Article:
Milandra remained in the armchair, listening to the pinging of the computer as more responses arrived. Even through the triple-glazing she could hear the faint sounds of New York on a December morning: the dull thrum of traffic; the honk of horns and squeal of brakes; a distant siren; a muffled shout. The rumble and grumble of a city alive and seething.

    Another look of deep sorrow creased her face.

    * * *

    Tom and his teaching assistants bustled about the classroom straightening furniture, washing paint pots and brushes, feeding and watering guinea pigs, all the while chatting about the Nativity and which child should play which part.

    By four o’clock, they were almost finished.

    Any plans for the weekend, you two? Tom asked.

    I’m meeting up with some old school friends tonight, said Mark Davies. Not seen them in a while so it’ll be good to catch up.

    And a couple of pints while you’re at it?

    Oh, one or two. Mark returned Tom’s grin.

    What about you, Lisa?

    Um, nothing much tonight, said Lisa Jones. A spot of Christmas shopping in Cardiff tomorrow and... She paused, cheeks dimpling as she smiled, green eyes twinkling mischievously. Tomorrow night I have a tryst planned with my secret lover.

    Tom felt colour flare in his cheeks and hoped that Mark hadn’t noticed.

    Oh, he said. Well, good. Good for you. Anyway... He made a show of consulting his watch, momentarily forgetting about the wall clock. Anyway, Mark, why don’t you get off? There’s nothing much left to do and Lisa and I can finish up. Since you’re the only one going anywhere tonight...

    Okay, said Mark. Cool. Have a great weekend, folks. Don’t do anything I wouldn’t.

    Mark grabbed his coat from the row of pegs near the door and shrugged it on as he left. Lisa went to the door and glanced out into the corridor. She walked back to Tom and wrapped her arms around his neck.

    Mmm, she murmured. Can’t wait for tomorrow night, Mr Evans.

    Me, neither, said Tom. He placed a kiss on her nose, but as she tilted her head to bring her lips towards his, he pulled back, unwrapping her arms. Wait until tomorrow, Miss Jones.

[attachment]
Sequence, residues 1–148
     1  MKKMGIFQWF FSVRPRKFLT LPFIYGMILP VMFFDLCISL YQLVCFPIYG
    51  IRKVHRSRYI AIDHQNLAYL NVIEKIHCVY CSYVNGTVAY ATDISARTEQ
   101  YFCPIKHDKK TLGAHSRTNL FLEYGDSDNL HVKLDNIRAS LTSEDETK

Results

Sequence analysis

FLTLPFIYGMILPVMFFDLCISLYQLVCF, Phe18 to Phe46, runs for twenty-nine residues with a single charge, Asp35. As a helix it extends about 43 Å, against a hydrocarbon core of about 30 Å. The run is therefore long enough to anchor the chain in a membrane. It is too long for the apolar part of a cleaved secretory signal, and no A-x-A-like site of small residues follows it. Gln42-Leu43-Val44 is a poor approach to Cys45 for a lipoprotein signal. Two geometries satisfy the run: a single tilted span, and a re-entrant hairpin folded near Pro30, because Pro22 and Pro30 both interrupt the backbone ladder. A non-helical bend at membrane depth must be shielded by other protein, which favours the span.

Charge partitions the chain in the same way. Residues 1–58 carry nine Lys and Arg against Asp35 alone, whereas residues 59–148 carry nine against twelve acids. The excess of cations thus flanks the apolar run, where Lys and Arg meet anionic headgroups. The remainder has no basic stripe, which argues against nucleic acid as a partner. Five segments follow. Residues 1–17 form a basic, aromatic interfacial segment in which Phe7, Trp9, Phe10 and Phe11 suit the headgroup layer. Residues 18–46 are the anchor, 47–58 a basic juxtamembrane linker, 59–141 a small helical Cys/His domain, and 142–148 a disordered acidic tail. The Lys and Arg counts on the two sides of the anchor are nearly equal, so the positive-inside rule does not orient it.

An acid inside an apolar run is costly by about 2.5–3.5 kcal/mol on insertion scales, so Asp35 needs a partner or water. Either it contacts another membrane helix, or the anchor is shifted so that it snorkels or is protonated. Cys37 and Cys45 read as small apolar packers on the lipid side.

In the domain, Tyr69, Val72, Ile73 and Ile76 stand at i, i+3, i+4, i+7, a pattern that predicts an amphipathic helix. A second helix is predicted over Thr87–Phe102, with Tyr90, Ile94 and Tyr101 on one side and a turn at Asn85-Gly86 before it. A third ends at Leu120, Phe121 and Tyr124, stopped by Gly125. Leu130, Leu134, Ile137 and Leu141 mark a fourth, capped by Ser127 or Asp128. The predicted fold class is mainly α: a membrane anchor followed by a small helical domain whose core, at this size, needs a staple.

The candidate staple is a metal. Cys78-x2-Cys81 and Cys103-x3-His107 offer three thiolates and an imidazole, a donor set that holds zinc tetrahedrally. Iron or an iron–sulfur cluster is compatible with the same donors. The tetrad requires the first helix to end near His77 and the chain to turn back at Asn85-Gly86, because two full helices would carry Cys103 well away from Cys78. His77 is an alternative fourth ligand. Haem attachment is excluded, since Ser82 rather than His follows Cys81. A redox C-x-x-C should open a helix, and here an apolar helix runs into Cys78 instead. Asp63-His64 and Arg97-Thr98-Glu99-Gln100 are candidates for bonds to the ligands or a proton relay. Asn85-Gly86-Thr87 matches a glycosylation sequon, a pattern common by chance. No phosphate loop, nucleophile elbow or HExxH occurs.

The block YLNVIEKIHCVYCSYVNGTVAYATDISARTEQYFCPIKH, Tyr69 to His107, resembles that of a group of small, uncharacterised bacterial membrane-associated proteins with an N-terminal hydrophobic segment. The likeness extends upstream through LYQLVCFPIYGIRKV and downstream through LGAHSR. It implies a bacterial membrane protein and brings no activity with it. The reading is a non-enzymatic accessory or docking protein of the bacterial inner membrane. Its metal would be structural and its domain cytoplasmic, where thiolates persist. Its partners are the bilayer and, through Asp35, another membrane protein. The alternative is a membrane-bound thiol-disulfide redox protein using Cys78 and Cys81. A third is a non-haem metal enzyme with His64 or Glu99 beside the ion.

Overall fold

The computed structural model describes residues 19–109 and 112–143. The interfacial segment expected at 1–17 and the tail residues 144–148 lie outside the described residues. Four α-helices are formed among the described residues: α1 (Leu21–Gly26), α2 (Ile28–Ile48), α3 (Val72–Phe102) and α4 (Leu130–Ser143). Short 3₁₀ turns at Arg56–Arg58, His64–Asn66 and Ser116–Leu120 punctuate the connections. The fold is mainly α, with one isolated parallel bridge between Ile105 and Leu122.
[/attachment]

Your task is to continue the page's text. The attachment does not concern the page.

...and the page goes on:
Lisa folded her arms and pretended to pout. I wish we could go out, she said, instead of having to skulk away as if we’re doing something wrong.

    Tom sighed. We’ve been through this. We can’t risk being seen. Not until we’ve told Ross the Boss. It has to come from us, or from me anyway. If he were to hear about us from someone else... Tom shuddered.

    Mr Ross was the headmaster of Penmawr Primary School. Sometimes jovial but more often crusty, he was a stickler for doing things the right way and it didn’t pay to get onto his wrong side. Having a relationship with one of his teaching assistants would, Tom reckoned, very much get him onto the wrong side of Ross.

    Then let’s tell him, insisted Lisa. Before the staff party. Then we can go to the party, and leave it, together.

    Tom grimaced. The party’s only two weeks away. He breathed out heavily. Oh, cripes! Yeah, I’ll tell him next week.

    Why not now?

    Tom didn’t have a good answer. Lisa was right: they weren’t doing anything wrong. They were both single, both adults in their twenties, Tom at twenty-seven Lisa’s senior by three years. They weren’t breaking any hard-and-fast rules, but he knew that Ross would frown upon a classroom relationship. He had seen Ross beetle his bushy brows and didn’t relish being on the receiving end.